Refugee Integration

‘…when people flee persecution, the flight to safety is only the first part of their journey. The second stage – rebuilding life in a strange land – is equally important. Sometimes settling here can be as hard or harder than the original flight from tyranny. Integration is not about ‘fitting in’, or about refugees becoming ‘more like us’. It is, rather, about equality and inclusion, and ensuring that refugees have equal chances to live full, safe and productive lives.’

Donna Covey, Refugee Council conference, Integration: Building a Life in the UK

Integration should start from the moment that people arrive and so support groups would also like people to be allowed to work while they are seeking asylum. The stress and poverty of the early stages in the process add to a sense of isolation, and it is important to find opportunities to volunteer and socialise.


Asylum applicants dream about getting refugee status. They may then, however, experience a time of painful transition because new refugees have just 28 days before they lose their asylum support and must leave their Home Office supported accommodation. They may become destitute and homeless. To make things easier locally Belfast City Council commissioned the Law Centre NI to produce Refugee Transition: A Guide for People Who Have Just Received Refugee Status and for Their Advisers which covers accessing immigration advice, employment, benefits, and housing. In addition, Extern’s  Floating Support Service has refugee support workers and NIACRO has STEM support workers who help minority-ethnic people to sustain their tenancies if they experience neighbourhood problems.

Family Reunion

People with refugee status are entitled to be joined by close family members. In 2015 member groups of the local Refugee and Asylum Forum lobbied the Justice Minister who agreed to retain legal aid to assist with the complex process of reunification of refugee families in Northern Ireland.

The Red Cross in Belfast can help to trace family members and process applications for travel assistance. Many families try to finance family reunion themselves, including the money needed for DNA tests and travel costs and they often incur debts. Some people who have state benefits find that these stop while the authorities reassess the entitlement of the enlarged family and it can be some time before they are re-established.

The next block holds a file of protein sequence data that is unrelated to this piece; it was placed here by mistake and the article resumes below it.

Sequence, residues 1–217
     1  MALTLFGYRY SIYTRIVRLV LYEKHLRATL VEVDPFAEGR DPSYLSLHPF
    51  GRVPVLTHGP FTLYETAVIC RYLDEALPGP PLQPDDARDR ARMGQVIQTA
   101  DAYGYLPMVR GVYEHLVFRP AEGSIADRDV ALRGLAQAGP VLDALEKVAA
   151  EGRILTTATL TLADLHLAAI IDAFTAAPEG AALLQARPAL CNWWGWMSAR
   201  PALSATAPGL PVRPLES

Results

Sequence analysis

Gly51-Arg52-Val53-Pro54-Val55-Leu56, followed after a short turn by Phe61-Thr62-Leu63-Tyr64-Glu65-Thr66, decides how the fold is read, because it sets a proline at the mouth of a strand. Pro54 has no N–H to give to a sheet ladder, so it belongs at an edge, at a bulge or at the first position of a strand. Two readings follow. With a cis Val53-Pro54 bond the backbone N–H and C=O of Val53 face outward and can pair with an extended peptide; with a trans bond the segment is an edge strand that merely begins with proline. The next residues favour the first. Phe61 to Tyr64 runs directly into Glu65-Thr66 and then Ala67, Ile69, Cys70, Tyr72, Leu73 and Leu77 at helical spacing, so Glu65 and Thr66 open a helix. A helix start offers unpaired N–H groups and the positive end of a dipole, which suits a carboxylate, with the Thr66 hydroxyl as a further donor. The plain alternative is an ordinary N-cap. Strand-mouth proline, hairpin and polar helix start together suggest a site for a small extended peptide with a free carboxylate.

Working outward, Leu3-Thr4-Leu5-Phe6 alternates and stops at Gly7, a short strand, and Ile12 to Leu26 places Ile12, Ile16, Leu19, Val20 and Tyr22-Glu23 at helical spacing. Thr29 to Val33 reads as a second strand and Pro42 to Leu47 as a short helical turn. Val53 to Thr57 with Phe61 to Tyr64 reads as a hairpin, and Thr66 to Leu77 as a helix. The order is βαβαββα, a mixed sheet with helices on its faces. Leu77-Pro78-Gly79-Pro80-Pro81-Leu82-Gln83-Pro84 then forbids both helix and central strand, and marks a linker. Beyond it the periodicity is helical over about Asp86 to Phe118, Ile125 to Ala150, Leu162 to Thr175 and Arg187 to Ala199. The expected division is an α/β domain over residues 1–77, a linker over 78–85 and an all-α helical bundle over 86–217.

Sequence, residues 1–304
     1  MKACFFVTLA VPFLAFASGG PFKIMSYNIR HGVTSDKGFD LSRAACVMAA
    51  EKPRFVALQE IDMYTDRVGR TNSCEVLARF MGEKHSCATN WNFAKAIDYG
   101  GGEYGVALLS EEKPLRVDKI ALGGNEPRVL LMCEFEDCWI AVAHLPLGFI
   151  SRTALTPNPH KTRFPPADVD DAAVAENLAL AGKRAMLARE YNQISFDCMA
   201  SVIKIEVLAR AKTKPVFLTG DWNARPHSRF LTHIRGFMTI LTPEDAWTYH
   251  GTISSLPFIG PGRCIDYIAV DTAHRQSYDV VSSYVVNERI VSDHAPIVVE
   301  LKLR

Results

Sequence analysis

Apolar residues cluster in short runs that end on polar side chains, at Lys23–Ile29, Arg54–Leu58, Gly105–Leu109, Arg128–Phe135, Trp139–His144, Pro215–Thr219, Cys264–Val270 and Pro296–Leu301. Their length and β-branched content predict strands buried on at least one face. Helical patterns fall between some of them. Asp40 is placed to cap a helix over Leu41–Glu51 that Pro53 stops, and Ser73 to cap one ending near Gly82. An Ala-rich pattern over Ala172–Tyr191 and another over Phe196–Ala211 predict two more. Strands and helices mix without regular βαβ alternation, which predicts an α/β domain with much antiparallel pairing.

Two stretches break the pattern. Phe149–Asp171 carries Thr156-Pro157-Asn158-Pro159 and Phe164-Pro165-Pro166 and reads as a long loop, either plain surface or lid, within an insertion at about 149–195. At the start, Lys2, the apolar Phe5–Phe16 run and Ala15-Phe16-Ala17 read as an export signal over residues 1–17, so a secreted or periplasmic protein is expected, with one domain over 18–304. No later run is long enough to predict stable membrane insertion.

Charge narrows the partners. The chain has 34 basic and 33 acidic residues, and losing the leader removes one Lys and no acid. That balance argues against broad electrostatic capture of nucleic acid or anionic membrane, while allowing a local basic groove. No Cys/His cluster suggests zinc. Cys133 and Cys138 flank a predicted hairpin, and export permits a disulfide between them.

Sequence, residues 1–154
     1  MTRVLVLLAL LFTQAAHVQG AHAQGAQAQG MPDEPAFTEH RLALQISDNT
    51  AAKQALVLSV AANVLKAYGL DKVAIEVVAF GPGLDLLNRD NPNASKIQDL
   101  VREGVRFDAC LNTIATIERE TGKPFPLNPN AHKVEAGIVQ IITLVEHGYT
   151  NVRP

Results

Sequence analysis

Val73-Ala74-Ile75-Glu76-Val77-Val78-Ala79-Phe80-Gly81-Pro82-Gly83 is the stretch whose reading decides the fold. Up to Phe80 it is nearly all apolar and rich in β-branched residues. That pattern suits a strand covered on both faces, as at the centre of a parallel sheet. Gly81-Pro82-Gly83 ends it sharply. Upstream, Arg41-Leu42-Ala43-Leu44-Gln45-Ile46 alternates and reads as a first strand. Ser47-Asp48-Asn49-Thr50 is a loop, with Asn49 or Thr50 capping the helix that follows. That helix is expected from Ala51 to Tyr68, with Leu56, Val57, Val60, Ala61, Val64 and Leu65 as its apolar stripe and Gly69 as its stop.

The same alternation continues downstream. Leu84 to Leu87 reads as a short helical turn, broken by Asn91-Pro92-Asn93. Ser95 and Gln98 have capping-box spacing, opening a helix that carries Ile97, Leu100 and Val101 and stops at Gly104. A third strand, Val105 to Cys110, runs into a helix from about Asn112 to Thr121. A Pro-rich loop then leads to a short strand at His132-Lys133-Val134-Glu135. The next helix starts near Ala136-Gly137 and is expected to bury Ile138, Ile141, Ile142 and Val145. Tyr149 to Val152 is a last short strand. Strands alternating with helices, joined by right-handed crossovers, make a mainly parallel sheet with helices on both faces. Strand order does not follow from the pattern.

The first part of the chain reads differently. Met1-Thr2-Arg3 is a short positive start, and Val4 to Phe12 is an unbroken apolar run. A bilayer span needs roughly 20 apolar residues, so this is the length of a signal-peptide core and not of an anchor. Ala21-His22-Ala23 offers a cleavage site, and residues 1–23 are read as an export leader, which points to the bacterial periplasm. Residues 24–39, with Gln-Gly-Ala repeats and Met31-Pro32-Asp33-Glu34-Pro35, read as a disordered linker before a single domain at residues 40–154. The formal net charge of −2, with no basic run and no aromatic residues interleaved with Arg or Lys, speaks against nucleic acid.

Settling in

A Home Office Report found that language skills remain one of the most important factors in enabling refugees to integrate and find work. Both refugees and host communities also need cultural orientation. There is mutual benefit in partnerships between refugee community groups and local organisations. Integration projects need to be tailored to specific refugee needs. Attention to the psychological wellbeing of refugees is also important.

Joining a faith group is very helpful.

When people in host communities in Belfast were interviewed about refugees in preparation for the Inclusive Neighbourhood Project (2009–11) they expressed anxieties about sharing resources; the perceived reluctance of refugees to integrate; a desire that refugees should understand local history and culture; and obey the rules.

The refugee interviewees expressed less reluctance about integration and a smaller range of needs. These included a sense of security through gaining the right to remain here, language support and local information. They also described concern about their personal safety, racism, hostility, and the constant questioning of local people. But both refugees and local people agreed that integration meant ‘sharing in community life’ and each group showed a desire and willingness to meet the other group. This initiative and the later Creating Cohesive Community project showed how building trust is not easy, but good planning, communication and facilitation can achieve much.

One inhibiting factor for refugee integration is the fact that they no longer get indefinite leave to remain. With Limited Leave to Remain (LLR), their case is subject to Active Review see if they qualify to have leave to remain extended. They could be asked to leave the UK if, for example, conditions have changed in their country of origin, or they are found to have misled the authorities at an earlier date. The Refugee Council has found that limited leave is stressful, making it more difficult for people to get jobs, buy houses or commit to long-term study and there is continued fear of being returned to a dangerous situation.

A NI refugee integration strategy

N Ireland is the only part of the UK without a refugee integration strategy but the Office of the First and Deputy First Minister (now the Executive Office) stated in the Racial Equality Strategy 2015–25, that a draft strategy was being prepared for consultation.

Further Reading

New Scots: Integrating Refugees in Scotland’s Communities 2014–17, Scottish Government 2014.

Towards a New Beginning: Refugee Integration in Ireland , UNHCR, 2014. (PDF)

Refugee Inclusion Strategy, Welsh Assembly Government, 2008.